The Pain of Nothing

The Pain of Nothing February 6, 2016
Statue of the Buddha, Photograph by Henry Karlson
Statue of the Buddha, Photograph by Henry Karlson

A Buddhist monk and his disciple came together to talk about life, the universe and everything. The disciple, having read and many important Buddhist texts, such as the Heart Sutra which told him, “Form is emptiness,” ended up taking a nihilistic view towards the universe. If emptiness is form, and form is emptiness, would it not be best to help the world achieve its proper form and empty it of all its illusions, and so eliminate its apparent content?

The monk understood how his disciple could come to such an erroneous conclusion. He also knew he had to do something but it. Nihilism was, after all, one of the two great errors, and it was one very common with beginners exploring Buddhist thought as they over-literalized the words of the Buddha. But how was he to show his disciple the error of his ways? How was he to show that the emptiness of the world did not destroy the forms found in the world but was the foundation for their conventional existence? How was he to show his disciple this nothingness had form, and that in and with such form, great harm could and would be done if such an erroneous interpretation was upheld?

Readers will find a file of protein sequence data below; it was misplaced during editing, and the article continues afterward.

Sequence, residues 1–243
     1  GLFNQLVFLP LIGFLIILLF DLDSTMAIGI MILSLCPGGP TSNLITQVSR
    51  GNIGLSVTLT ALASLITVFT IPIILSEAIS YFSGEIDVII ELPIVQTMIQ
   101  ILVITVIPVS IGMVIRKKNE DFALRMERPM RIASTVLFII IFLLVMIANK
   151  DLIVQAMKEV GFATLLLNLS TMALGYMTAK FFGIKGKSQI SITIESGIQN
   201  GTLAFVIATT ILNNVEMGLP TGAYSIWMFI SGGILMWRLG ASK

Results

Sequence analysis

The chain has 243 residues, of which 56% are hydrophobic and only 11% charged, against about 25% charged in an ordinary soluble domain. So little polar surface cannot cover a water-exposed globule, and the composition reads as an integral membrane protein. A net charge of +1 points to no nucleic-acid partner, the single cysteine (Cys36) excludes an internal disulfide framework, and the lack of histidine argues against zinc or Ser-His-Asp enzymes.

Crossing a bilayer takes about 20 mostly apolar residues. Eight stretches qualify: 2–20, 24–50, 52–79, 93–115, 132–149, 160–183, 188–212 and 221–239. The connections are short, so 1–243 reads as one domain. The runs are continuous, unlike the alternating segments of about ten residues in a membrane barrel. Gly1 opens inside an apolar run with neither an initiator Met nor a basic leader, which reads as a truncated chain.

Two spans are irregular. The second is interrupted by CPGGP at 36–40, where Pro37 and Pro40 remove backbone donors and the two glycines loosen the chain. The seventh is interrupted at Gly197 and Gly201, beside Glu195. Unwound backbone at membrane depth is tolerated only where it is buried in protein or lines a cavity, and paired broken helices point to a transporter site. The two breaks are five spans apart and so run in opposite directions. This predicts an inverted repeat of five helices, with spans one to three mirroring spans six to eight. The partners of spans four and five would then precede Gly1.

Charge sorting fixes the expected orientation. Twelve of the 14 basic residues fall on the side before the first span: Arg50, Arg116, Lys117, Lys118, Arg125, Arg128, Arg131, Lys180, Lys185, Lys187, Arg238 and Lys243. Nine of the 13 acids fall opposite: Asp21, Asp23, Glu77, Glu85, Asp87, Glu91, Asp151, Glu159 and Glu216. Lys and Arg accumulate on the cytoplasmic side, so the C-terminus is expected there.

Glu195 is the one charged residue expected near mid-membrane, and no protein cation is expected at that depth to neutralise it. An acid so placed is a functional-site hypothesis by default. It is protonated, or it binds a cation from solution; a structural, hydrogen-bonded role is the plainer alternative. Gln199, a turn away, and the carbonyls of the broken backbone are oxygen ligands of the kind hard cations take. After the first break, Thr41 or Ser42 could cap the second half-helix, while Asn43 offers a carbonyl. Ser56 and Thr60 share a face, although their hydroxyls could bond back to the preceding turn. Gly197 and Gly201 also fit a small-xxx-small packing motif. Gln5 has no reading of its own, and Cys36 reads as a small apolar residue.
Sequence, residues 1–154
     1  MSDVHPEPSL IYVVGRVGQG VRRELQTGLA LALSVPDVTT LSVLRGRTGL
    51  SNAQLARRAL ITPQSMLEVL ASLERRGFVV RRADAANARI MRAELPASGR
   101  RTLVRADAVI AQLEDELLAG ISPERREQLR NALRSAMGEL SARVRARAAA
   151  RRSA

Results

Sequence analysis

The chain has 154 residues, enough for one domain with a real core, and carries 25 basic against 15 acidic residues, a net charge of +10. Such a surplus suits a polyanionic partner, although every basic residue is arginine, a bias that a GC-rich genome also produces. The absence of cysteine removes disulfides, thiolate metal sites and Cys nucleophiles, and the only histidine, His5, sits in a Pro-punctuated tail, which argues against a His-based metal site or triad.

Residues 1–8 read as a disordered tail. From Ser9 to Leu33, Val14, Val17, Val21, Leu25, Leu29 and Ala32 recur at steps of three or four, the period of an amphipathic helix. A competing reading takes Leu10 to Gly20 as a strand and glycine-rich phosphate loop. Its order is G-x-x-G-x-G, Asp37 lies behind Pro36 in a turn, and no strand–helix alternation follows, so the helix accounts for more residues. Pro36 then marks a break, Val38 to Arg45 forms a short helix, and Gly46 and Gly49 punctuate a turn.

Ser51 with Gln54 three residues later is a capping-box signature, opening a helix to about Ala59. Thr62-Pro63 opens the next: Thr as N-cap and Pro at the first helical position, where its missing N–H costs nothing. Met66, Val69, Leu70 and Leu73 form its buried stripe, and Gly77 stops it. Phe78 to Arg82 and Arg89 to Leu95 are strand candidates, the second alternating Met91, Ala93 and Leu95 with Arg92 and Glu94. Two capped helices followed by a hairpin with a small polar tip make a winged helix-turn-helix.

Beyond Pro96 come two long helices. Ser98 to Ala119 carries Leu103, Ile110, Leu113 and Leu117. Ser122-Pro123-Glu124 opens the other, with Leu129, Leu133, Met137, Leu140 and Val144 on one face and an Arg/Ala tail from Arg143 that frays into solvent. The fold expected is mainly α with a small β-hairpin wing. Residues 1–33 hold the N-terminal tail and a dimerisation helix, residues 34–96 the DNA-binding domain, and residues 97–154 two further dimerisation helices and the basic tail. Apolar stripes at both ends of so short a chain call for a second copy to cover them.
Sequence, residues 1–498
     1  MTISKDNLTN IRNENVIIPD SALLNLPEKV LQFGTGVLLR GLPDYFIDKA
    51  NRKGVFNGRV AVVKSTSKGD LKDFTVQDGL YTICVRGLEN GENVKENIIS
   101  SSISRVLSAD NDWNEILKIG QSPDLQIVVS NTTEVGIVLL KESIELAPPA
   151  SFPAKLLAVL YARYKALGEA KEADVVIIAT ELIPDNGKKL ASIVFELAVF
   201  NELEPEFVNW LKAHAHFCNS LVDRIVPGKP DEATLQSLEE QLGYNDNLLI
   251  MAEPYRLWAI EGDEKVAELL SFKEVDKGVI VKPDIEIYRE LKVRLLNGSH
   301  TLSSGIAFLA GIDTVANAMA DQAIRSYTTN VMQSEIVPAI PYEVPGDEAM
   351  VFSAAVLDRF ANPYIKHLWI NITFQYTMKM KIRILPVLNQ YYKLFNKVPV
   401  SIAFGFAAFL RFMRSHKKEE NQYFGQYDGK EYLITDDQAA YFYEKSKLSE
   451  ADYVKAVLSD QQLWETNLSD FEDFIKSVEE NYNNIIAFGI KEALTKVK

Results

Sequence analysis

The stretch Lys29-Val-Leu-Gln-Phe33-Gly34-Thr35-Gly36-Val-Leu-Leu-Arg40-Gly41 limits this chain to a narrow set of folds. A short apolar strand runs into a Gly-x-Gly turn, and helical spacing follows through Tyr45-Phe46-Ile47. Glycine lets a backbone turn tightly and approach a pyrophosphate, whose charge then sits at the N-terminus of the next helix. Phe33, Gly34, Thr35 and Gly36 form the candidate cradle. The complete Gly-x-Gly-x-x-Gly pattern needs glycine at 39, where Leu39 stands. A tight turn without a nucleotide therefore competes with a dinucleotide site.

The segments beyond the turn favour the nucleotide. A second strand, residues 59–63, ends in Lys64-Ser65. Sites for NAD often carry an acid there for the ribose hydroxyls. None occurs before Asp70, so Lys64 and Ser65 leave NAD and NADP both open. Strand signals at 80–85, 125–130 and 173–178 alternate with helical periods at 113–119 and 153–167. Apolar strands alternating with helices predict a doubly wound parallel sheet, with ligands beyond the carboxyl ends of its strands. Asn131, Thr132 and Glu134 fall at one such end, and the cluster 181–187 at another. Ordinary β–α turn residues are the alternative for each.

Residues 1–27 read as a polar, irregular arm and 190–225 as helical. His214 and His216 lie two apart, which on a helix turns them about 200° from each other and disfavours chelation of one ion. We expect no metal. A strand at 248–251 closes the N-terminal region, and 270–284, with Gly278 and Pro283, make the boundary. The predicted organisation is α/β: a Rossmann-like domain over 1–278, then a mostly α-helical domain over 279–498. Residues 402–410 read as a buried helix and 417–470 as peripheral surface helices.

The answer came to him.

“Disciple,” the monk said.

“Yes?”

“Come here and sit and mediate.”

The disciple came and sat down, properly in full lotus position, in front of his master, and meditated.

After ten minutes, the monk was ready.

“You believe the world and everything around it is nothing?”

“Yes, master. It is as the Buddha said.”

“But what is this nothing?”

“It is the emptiness of being.“

“And how is this emptiness to be understood?”

“Through the elimination of all apparent things.”

“But don’t you think that will hurt?”

“No, master. How can nothing hurt?”

“True. True. How can it?”

The master became silent for several minutes.

“Disciple.”

“Yes, master?”

“Can you grab a hold of this nothing?”

“No, master. Nothing can’t be held.”

“But it can! I can grab a little of it, and in doing so, show you nothing can hurt a great deal!”

“How, master?”

The monk looked down at his disciple, and then reached out and grabbed him by the nose, pulling it very hard.

“Ouch!” the disciple said. “Why did you do that?”

“To show you how much pain you can find in a little bit of nothing!”

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